Job searching is often a labor-intensive and time-consuming process. I continually find ways to helps clients make the job search process as stress-free and efficient as possible. I’m not saying the journey is easy, but I am committed to removing roadblocks and ensuring job seekers are working smarter, not harder.


Ruth Kunstadter

Coming from the fields of education and nonprofit, I have always had a mission to connect people to their passion, purpose and highest potential – and to the internal strengths and external resources that will make that happen. I am always on the lookout for creative and useful resources, and I recommend and use many career search tools in my work.

First of all, I have definitely recommended Jobscan! It’s such an excellent visual representation of how closely a person’s resume matches the job description. For individuals who, like me, are very visual, this is very helpful – and very direct.

With regard to other tools – I like this free, online career assessment from O*Net. It’s similar to the Strong Interest Inventory (it gives you your Holland codes) and gave me the same results. I work with individuals who are entering, re-entering, or undertaking some sort of transition in the workforce – whether voluntary (they want more meaningful work) or involuntary (they have been unemployed – and of course, still want meaningful work!). The results from this test give us lots to dig into.

I have also recommended that clients use JibberJobber to track their job search progress (although most of my clients use some version of Excel). In the work I do as a volunteer career coach through the New Start Career Network (part of Rutgers University’s John J. Heldrich Center for Workforce Development), our clients have free access to resources such as Optimal Resume, Career Shift and Vault, which are provided to NSCN members courtesy of Rutgers University Career Services. Career Shift and Vault are mostly for researching companies, and this has been useful for some.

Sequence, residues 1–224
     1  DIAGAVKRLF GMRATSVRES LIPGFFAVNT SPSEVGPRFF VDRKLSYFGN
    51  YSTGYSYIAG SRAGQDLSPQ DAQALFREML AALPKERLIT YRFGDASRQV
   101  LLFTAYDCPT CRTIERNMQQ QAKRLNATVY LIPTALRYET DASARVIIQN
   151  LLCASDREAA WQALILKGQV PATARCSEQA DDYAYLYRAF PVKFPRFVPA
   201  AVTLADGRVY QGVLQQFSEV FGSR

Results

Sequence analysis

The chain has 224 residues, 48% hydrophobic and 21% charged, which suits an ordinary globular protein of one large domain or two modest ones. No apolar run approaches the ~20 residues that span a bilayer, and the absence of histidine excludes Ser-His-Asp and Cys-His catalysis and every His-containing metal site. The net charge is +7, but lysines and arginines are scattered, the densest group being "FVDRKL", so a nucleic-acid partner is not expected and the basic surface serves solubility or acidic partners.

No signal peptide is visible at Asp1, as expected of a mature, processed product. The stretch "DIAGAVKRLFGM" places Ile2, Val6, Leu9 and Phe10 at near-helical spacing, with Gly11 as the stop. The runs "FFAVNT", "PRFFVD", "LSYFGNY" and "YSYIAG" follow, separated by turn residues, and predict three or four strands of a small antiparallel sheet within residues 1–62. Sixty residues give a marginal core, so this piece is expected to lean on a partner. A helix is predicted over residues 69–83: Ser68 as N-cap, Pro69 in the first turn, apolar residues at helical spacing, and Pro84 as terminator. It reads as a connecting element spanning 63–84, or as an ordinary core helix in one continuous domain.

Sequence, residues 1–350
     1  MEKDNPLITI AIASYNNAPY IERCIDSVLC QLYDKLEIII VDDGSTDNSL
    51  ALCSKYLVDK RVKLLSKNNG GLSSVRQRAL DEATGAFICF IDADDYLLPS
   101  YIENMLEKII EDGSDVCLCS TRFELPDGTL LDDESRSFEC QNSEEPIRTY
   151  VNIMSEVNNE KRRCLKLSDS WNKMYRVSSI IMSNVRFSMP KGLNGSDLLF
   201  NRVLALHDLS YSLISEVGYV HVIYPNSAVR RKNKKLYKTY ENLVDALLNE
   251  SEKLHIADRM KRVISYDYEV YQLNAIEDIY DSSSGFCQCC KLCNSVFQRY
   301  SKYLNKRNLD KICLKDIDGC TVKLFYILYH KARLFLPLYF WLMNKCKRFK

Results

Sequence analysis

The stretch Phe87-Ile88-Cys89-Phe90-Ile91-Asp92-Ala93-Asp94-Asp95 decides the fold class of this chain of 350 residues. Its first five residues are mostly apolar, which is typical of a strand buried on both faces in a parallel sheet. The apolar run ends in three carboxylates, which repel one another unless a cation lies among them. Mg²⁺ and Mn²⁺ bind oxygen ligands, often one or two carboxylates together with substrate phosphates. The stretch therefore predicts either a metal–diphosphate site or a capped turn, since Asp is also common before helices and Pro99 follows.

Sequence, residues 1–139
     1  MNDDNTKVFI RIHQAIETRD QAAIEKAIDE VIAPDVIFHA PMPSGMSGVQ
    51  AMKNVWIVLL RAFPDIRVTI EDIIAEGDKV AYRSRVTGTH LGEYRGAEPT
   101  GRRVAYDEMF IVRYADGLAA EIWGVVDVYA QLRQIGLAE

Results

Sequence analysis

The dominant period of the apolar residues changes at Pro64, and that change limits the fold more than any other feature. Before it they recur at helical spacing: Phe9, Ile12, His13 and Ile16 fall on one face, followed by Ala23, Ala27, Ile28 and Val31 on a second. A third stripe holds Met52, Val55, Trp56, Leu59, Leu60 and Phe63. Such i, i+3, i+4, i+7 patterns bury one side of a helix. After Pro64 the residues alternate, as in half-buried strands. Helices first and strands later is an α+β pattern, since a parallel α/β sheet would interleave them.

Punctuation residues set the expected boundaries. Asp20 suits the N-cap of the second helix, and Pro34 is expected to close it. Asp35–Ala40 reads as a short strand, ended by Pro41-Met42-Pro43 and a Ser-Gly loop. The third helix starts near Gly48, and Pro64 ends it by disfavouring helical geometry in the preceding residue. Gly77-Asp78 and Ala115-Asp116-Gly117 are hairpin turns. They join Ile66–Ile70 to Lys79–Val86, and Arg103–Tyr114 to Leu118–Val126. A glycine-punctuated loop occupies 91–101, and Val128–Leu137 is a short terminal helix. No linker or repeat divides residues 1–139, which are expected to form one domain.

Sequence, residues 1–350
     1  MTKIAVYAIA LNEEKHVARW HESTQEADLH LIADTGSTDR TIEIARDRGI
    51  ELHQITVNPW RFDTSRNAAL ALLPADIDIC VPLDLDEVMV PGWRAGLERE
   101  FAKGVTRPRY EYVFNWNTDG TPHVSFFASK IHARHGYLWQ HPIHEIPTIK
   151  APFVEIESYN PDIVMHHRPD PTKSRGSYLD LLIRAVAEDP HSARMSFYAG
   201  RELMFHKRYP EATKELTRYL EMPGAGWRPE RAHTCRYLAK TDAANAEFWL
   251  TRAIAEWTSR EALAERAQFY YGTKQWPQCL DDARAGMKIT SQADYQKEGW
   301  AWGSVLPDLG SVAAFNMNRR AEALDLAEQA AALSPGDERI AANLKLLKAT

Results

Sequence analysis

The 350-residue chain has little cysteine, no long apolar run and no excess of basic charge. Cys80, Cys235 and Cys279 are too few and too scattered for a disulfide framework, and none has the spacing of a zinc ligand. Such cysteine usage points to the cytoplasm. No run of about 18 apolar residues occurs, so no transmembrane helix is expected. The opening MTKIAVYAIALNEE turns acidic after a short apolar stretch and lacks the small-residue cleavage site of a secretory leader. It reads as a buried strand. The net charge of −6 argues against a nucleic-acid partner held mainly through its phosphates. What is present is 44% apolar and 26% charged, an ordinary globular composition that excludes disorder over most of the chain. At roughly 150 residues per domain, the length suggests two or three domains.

Give the power of Jobscan to your clients.


Bianca J. Jackson

I empower women, especially those in tech, with the tools and confidence to get what they want from their careers and lives, so there’s no struggle for “work-life balance,” there’s just balance. My particular expertise is helping them build their personal brand. We discuss how to best position them and how to use tools like LinkedIn to target and attract the right opportunities.

When looking for your next career opportunity, having a positioning strategy that works is key. Gone are the days where you just update your resume and throw into the job search pond as bait to land a big fish aka “your dream job.”

Each day, I roll around with my laptop, phone, and pocket juice (mobile battery charger) as my physical tools.

For software and mobile apps, I use the following:

  • I swear by LinkedIn. It is an amazing tool for job seekers and entrepreneurs who want to connect with people and build relationships.
  • Buffer helps me keep my social media channels in check.
  • Pandadoc for proposals and reports.
  • Canva to make quick graphics and presentations on the go.
  • Paypal and Wave to keep the money straight.
  • MailChimp for sending my daily emails of career inspiration.

Wendy Haylett

Wendy Haylett on your top career coach tools.My career coaching has evolved over three decades in the industry. As one of the first members of the Professional Association of Resume Writers and Career Coaches (PARWCC), I started in the industry during its evolution from resume preparation as a typing or secretarial service to the strategic resume writing and career coaching industry it is now. I offer coaching in career planning and management, career transition, second or encore careers, leadership development, LinkedIn networking, strategic job search, and mindfulness coaching.

I consistently sought professional development through membership associations and contributions to PARWCC, ProfilingPro, The National Resume Writers Association (NRWA), Career Planning and Adult Development Network, and Jay Block’s 5 Steps to Rapid Employment Certification Program. I consider each of these organizations as the most important tools that make my work possible. Without the knowledge and camaraderie of my mentors and colleagues, I would not have a business.

Some of my other top tools are:


Thank you for sharing your top career coach tools!